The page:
Catherine Ireland is an artist based in Brooklyn, NY. She was raised in Michigan, Indiana, Colorado, Arizona, and California. As an adult she has lived in California, Oregon, Arizona,  and the Caribean.

 

She follows the availablist theory espoused by Kembra Pfahler.Everyday objects and materials transform into raw material for her art. For example, New York City sea water was dehydrated into salt for a series of paintings. She has broken a few cellphone and tablet screens by collecting rocks and other artifacts for later use in artwork. Expired makeup becomes paint. Boards left on the street have been carried on the rush-hour subway to become canvasses. The trash of beaches and boulevards alike comprised both her inspiration and media.

 

Depression-era grandparents taught her to repurpose every consumer product. Glass had just as much value as a diamond to her grandmother. She owned an Atomic Age book called “Don’t Throw It Away” featuring projects that turned trash into treasure. It inspired a lifetime of collecting and collaging. Throughout her training as a molecular biologist turned physician, Catherine collected bits of her natural and urban environment to combine with painted canvases and photographs into art.

 

Her health interrupted plans of practicing as an anesthesiologist. Her conditions caused her to literally see the world differently. She became obsessed with creating a visual representation to share her alternate reality. After operations caused brief usage of wheelchairs, Catherine found going through art museums in a wheelchair was a drastically different experience, and she turned it into a project for Merritt College in Oakland, California.

 

She factors abilities, gender and other physical characteristics of the viewer into her displays. For instance, in ci001898, when viewed from the height an average American man, the most noticeable thing on the painting is a makeup compact with the text “Your Skin But Better.” At this height, the painting appears to be a waxy, pale blue. At the height of the average American woman, the painting appears to be a deep blue with a vibrant aqua center and pink iridescence. She can see her reflection in the compact juxtaposed with the lightest and darkest foundation colors of a typical drug store.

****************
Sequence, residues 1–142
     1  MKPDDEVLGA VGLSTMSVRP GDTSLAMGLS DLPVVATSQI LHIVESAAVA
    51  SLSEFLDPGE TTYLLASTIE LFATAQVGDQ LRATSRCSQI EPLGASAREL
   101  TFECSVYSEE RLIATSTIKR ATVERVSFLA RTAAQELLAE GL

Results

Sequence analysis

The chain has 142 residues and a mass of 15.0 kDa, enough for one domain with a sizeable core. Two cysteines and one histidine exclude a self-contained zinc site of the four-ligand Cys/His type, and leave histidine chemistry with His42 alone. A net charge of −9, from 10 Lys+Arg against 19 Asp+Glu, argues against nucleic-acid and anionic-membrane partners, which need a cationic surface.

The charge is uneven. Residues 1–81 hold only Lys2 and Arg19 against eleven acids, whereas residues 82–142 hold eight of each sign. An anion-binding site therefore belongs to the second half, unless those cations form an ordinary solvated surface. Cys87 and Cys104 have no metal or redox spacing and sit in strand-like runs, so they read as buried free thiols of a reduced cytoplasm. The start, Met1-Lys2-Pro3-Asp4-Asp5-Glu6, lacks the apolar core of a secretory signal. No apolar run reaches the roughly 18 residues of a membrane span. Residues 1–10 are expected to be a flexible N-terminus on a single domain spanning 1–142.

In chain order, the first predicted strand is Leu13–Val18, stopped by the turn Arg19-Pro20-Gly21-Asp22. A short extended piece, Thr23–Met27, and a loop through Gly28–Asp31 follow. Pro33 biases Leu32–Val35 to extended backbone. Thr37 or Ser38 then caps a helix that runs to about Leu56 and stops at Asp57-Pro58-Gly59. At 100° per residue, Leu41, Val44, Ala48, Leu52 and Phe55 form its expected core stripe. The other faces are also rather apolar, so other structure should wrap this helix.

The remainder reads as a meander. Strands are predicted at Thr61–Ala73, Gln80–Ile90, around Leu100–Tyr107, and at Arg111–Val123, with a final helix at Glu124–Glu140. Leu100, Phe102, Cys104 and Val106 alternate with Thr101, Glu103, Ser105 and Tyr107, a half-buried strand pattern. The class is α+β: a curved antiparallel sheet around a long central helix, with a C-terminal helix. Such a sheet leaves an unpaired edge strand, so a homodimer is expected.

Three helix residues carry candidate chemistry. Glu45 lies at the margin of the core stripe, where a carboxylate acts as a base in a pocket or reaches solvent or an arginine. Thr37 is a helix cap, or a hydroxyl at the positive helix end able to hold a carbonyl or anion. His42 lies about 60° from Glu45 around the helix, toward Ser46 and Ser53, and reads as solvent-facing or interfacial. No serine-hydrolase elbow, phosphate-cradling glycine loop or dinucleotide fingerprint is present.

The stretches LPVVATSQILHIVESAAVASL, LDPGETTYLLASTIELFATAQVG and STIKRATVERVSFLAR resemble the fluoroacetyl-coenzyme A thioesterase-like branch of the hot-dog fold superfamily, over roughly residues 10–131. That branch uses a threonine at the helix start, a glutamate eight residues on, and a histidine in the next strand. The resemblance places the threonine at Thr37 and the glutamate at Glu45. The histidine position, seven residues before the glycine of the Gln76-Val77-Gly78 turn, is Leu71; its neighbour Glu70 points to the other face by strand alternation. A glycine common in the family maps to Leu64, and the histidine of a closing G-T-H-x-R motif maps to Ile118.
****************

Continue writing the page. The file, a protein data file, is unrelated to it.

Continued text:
Since 2007, Catherine has been suppressing potentially controversial beliefs due to her duties as a physician. Her illnesses have made her reconsider if such a dichotomy is healthy. Is it in patients’ best interests for their healthcare provider to have a completely neutral online presence? She has named her work with numbers to allow the viewer to enjoy it on a purely visual basis and ascribe their own meaning without the artist’s bias.  If the viewer would like to take a deeper dive, they can try searching on internet and social media for the title of the photo. This will often reveal important dates in history that the works reference and/or information that Catherine or others have written about the work. Every viewer is welcome to rename a piece and share their interpretation of it. This both preserves the neutrality of Catherine’s beliefs, and allows for people to use her art therapeutically to explore inner narratives.

Catherine currently treats pain with integrative pain medicine, and holds doctor of medicine (MD), doctor of naturopathic medicine (ND), and master of science (MS) degrees.  She is a medical advisor for the refugee mental health non-governmental organization, No Limit Generation. She is an ambassador for the American Medical Association.

© 2019 C Ireland